I was looking through some writings I did a few years ago and came across this essay. As I sit in my almost empty house, laundry all caught up and all the time in the world for at least this day, I am reminded of how fleeting time is even more. These are the oaks I write about although a few weeks ahead of the season of the essay.
Will these kids ever pick up their dirty clothes? Do they think this is all I have to do with my life, pick up after them? I grab a basket and moan and groan to myself when the scene outside my window grabs my attention.
The ancient oak trees stand like an army of withered cartoon broccoli beyond the crystallized lake. No, wait! The trees are a blaze of golden jewels as the early morning light begins to shift, the gleam of the rising sun softly kissing their jumbled facets. I hold my breath as if that could capture the moment and etch the majesty indelibly into my memory. The weight of the laundry basket cuts into my hip as the brilliance of the precious metal melts like a chocolate kiss on a warm tongue, teasing my senses with a soft, oozing invitation to let the morning chores dissolve into the glory of nature. That is more important than laundry, beds and dishes, right? Just as I begin to let my self relax, I am sharply brought back to attention. The trees have morphed again. The light has shifted and dead, scraggly branches reach up like a skeleton’s boney fingers reaching from the grave.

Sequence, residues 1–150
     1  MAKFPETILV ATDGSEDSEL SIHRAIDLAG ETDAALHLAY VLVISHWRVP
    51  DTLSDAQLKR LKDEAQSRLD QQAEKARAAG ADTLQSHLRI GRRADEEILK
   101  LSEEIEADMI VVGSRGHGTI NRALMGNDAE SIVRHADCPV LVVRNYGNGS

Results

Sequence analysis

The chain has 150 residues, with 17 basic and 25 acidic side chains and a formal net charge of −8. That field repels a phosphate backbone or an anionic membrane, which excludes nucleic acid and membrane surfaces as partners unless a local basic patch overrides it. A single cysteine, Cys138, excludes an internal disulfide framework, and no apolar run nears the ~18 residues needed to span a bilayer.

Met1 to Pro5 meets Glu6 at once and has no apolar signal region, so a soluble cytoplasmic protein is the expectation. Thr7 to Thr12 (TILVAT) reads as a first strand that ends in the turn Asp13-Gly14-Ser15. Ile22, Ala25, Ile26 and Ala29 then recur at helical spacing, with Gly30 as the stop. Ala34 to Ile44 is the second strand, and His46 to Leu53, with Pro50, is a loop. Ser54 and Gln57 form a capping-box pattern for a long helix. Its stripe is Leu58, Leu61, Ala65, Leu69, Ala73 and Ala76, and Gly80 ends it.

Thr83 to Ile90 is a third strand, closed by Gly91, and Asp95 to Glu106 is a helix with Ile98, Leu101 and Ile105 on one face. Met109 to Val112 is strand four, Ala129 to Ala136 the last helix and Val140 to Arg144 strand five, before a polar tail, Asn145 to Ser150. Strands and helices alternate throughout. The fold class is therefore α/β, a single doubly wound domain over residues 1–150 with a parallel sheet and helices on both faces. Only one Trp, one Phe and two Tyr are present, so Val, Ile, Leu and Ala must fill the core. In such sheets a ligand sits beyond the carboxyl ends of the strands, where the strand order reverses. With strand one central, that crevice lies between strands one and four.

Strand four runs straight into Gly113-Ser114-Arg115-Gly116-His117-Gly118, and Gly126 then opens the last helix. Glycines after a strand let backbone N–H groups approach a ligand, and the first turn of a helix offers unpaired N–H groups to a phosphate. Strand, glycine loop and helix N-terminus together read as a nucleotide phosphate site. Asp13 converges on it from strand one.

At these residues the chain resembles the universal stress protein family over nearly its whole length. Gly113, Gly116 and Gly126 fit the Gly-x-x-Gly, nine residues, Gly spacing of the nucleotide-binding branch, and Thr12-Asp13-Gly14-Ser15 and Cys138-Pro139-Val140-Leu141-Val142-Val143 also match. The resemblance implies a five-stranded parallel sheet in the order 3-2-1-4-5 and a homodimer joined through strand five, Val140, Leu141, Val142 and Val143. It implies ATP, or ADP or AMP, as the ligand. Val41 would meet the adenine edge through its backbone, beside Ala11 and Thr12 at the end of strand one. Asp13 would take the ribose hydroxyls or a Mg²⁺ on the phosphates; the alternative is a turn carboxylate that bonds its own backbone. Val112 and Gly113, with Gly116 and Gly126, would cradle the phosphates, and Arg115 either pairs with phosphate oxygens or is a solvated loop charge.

My moment of melancholy reverie disappears as I pick up the plastic laundry basket and head to the frosty white task masters awaiting my arrival with the cold enthusiasm of a prison warden. As I absently sort and load, the gentle but swift changing of the trees peaks my interest. Is all the world an illusion? One minute bright and the next dismal? The trees have been standing there for hundreds of years. They did not change. Only the perception I brought to them changed. Of course this morning, the brilliant rising sun was the catalyst, but how many mornings do I look at the same” thing” and see my own interpretation and not the true nature of the “thing” at all? I go about my morning business, hang up a coat, pick up shoes, take the dog out. I head for the laundry room. The wardens were gone. The warm, sweet smell of fresh clothes, soap and softener great me. The soft rumbles of the machines are as familiar to me as my own grumbling tummy. I smile as I begin to fold the clothes. Another “love” chore that weaves the fabric of my day into the comforting garment of my life.